Contributors|Why TV Finales Matter (And Why They Are So Hard to Get Right)
By Theresa Rebeck
Ms. Rebeck is a playwright, television writer and novelist.
The ending of “Succession” is upon us. So how to end this bitter masterpiece?
Do they shoot forward in time, stealing a page from the legendary finale of “Six Feet Under”? Maybe offer a glimpse of the future with that handsome sociopath and potential president they have put in power? Or just cut to black before someone assassinates Kendall? (I’m someone who actually liked the ending of “The Sopranos.”)
Possible but not probable. None of those options feel quite right.
That’s the thing about a good ending: It has to be both ineffable and organic. And unfortunately, a wrong-footed ending can virtually ruin an otherwise brilliant piece of art. The greatness of the astonishing “Game of Thrones” was severely undercut by too many missteps in its final episodes. Jaime goes back to Cersei and a house falls on them? The sublime and beloved Daenerys goes bonkers and burns down King’s Landing? Bran gets the throne? What we want from an ending is a grand “amen,” such as we got from “Breaking Bad.” But “Game of Thrones” was more of a “huh?”
I’ve thought about endings a lot because I have to write them. While I usually have a vague idea of an ending when I start writing a play, I don’t want everything set in stone. If you don’t map the story out too ruthlessly, it will reveal itself to you in the writing — and there is often a secret subject, something both surprising and inevitable that your mind was holding on to, that ultimately presents itself. Something perfect, like an angel crashing through the ceiling. Or “I have always depended on the kindness of strangers.” Or the fact that there really is a cabal of devil worshipers living in the Dakota on the Upper West Side. Those are great endings.
The ending should grow out of everything that came before, but also be different from everything that came before. A great ending can be about transformation, in which our central character escapes, or finds true love, or discovers a profound truth and achieves inner wisdom (as in “Mad Men,” except the profound truth was about Coca-Cola). Or it can be about justice, which rains down on those who deserve it and ruins those who don’t. (See every superhero movie.) Or its opposite, the idea that justice has abandoned everyone. (See “The Godfather.”) A good ending can involve a soft, mournful loss of hope. (See Chekhov.) It can celebrate the restored and renewed order that a marriage can provide to a disordered world. (See Shakespeare.) Or it can resolve with the notion that marriage is actually not going to solve anything. (Again, see Shakespeare.)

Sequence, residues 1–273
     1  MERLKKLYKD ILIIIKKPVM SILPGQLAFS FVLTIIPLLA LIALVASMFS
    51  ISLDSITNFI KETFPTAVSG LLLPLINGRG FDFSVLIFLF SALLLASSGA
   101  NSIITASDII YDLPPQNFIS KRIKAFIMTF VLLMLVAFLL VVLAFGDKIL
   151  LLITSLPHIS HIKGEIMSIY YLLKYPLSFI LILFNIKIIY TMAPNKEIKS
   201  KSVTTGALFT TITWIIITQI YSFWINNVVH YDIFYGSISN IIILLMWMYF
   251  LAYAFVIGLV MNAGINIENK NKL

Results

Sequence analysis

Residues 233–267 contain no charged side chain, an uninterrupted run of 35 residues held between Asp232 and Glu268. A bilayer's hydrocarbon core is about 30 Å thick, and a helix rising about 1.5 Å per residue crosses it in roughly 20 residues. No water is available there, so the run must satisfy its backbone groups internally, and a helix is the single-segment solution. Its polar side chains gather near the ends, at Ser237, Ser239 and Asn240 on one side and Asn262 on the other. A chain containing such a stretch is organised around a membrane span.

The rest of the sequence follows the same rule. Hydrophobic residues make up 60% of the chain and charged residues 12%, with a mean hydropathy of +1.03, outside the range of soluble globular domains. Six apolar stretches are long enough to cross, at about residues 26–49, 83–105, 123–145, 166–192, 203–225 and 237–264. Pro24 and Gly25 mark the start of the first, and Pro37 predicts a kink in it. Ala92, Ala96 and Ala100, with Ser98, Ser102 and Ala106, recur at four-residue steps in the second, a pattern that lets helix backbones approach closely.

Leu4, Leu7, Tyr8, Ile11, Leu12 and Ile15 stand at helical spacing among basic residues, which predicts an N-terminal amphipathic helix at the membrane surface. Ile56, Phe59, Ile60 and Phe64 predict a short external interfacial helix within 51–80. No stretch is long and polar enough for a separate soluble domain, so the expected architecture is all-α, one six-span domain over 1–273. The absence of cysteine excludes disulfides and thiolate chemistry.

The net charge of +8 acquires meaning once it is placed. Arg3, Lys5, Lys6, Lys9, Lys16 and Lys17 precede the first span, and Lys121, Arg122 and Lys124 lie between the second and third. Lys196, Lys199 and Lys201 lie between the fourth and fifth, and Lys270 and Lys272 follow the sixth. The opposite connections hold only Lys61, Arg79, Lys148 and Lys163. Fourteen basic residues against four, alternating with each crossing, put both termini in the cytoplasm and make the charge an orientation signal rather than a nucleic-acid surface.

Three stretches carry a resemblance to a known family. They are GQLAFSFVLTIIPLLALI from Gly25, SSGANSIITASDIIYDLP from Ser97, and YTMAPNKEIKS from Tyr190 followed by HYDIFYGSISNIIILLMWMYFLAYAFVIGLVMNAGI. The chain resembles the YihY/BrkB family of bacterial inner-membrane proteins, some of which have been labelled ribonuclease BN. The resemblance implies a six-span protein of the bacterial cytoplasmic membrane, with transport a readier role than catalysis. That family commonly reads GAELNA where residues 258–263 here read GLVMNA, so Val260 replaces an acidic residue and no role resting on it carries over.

At its best, a sublimely written ending will raise everything that came before into the realm of timeless wisdom: “So we beat on, boats against the current, borne back ceaselessly into the past,” as the narrator of “The Great Gatsby” concludes.
Television offers different challenges — and not just because the viewers will sit and stew for a week (or more) obsessing about how it all might end. Television is built differently from other kinds of drama, so naturally it ends differently, too.
You start with a pilot episode, which may or may not make it to air, and then you inchworm yourself through a first season. At that point the ending is so far off it’s hard to take the idea of it seriously. After all, if no one watches, you’ll just be canceled anyway. So you’re not trying to imagine the ending — you’re trying to avoid it.
That’s why truly great endings are especially hard to come by in television. TV shows are not about the ending; they’re about the middle. They’re about how long you can keep that show on the air. When you have a hit, generally no one is in a big hurry to get to the ending, which is why phrases like “jump the shark” have entered the lexicon. The middle is where television thrives.
For me, the ending of Season 2 of “Succession,” when Kendall betrayed his father, Logan, to the world and threatened to bring the whole house of cards down on everyone’s head, was perhaps the series’s most spectacular moment. That whisper of a smile from Logan as he watched the catastrophe was mysterious, glorious and human. Did he secretly want Kendall to grab the reins? Perhaps so. It was undeniably great television. Then Logan went ahead and destroyed Kendall all over again in Season 3. And the show went back to the starting gate. There’s a kind of circularity in TV that’s inherent in the form. This is why so many shows end in what can only be called “the group hug.” “Mary Tyler Moore” did it; “The Office” did it; “Seinfeld” did an incarcerated version of it.
I suspect that we are not getting a group hug out of “Succession.”
As endings go, “Succession” is a special case, and not just because the creator Jesse Armstrong chose not only how to end the show, but also when. (He’s said it has “been kind of present” in his mind from the very beginning.) With “Succession,” the ending has always been built right into the title.
My bold prediction? I can tell you what won’t happen: Logan won’t come back to life. The children won’t sell the company to someone who shows up suddenly from China with a better offer. It won’t turn on a deus ex machina that shows up because nobody knew how to land the damn plane so they just brought in something from nowhere and that’s the end.
As for what will happen, I feel confident in promising this: The ending of “Succession” will fulfill the story and not betray the spirit of what has come before. Its creators have proved over four seasons that they’re better than that.
That’s why I’ll be tuning in. I can’t wait to see how it ends.
Theresa Rebeck is a playwright, television writer and novelist. Her most recent play on Broadway was “Bernhardt/Hamlet,” and she is the creator of the TV show “Smash.”